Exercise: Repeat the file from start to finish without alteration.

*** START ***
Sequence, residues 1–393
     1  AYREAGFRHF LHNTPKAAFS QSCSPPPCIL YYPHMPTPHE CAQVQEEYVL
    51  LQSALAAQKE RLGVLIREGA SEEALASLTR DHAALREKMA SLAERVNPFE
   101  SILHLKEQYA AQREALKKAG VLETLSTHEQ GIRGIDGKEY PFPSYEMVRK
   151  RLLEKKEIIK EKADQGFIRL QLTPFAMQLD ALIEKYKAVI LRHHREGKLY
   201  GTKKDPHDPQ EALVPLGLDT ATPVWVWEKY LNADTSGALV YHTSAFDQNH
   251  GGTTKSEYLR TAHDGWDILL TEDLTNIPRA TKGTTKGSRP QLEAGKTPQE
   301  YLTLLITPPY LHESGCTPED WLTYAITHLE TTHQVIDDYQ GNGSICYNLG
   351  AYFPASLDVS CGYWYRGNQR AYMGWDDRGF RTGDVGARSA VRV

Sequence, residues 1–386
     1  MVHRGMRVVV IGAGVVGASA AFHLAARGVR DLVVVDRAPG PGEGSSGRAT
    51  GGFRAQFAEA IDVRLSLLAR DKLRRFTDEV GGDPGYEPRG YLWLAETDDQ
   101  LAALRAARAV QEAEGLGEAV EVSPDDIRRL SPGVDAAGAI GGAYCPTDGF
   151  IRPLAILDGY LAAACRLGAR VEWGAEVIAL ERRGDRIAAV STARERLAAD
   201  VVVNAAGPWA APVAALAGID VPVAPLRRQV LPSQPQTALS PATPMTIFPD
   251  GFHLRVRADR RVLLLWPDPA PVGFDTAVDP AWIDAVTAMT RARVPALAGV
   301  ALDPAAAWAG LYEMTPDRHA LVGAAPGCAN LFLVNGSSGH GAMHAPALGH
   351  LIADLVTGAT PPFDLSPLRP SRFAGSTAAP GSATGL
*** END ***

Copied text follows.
Sequence, residues 1–393
     1  AYREAGFRHF LHNTPKAAFS QSCSPPPCIL YYPHMPTPHE CAQVQEEYVL
    51  LQSALAAQKE RLGVLIREGA SEEALASLTR DHAALREKMA SLAERVNPFE
   101  SILHLKEQYA AQREALKKAG VLETLSTHEQ GIRGIDGKEY PFPSYEMVRK
   151  RLLEKKEIIK EKADQGFIRL QLTPFAMQLD ALIEKYKAVI LRHHREGKLY
   201  GTKKDPHDPQ EALVPLGLDT ATPVWVWEKY LNADTSGALV YHTSAFDQNH
   251  GGTTKSEYLR TAHDGWDILL TEDLTNIPRA TKGTTKGSRP QLEAGKTPQE
   301  YLTLLITPPY LHESGCTPED WLTYAITHLE TTHQVIDDYQ GNGSICYNLG
   351  AYFPASLDVS CGYWYRGNQR AYMGWDDRGF RTGDVGARSA VRV

Sequence, residues 1–386
     1  MVHRGMRVVV IGAGVVGASA AFHLAARGVR DLVVVDRAPG PGEGSSGRAT
    51  GGFRAQFAEA IDVRLSLLAR DKLRRFTDEV GGDPGYEPRG YLWLAETDDQ
   101  LAALRAARAV QEAEGLGEAV EVSPDDIRRL SPGVDAAGAI GGAYCPTDGF
   151  IRPLAILDGY LAAACRLGAR VEWGAEVIAL ERRGDRIAAV STARERLAAD
   201  VVVNAAGPWA APVAALAGID VPVAPLRRQV LPSQPQTALS PATPMTIFPD
   251  GFHLRVRADR RVLLLWPDPA PVGFDTAVDP AWIDAVTAMT RARVPALAGV
   301  ALDPAAAWAG LYEMTPDRHA LVGAAPGCAN LFLVNGSSGH GAMHAPALGH
   351  LIADLVTGAT PPFDLSPLRP SRFAGSTAAP GSATGL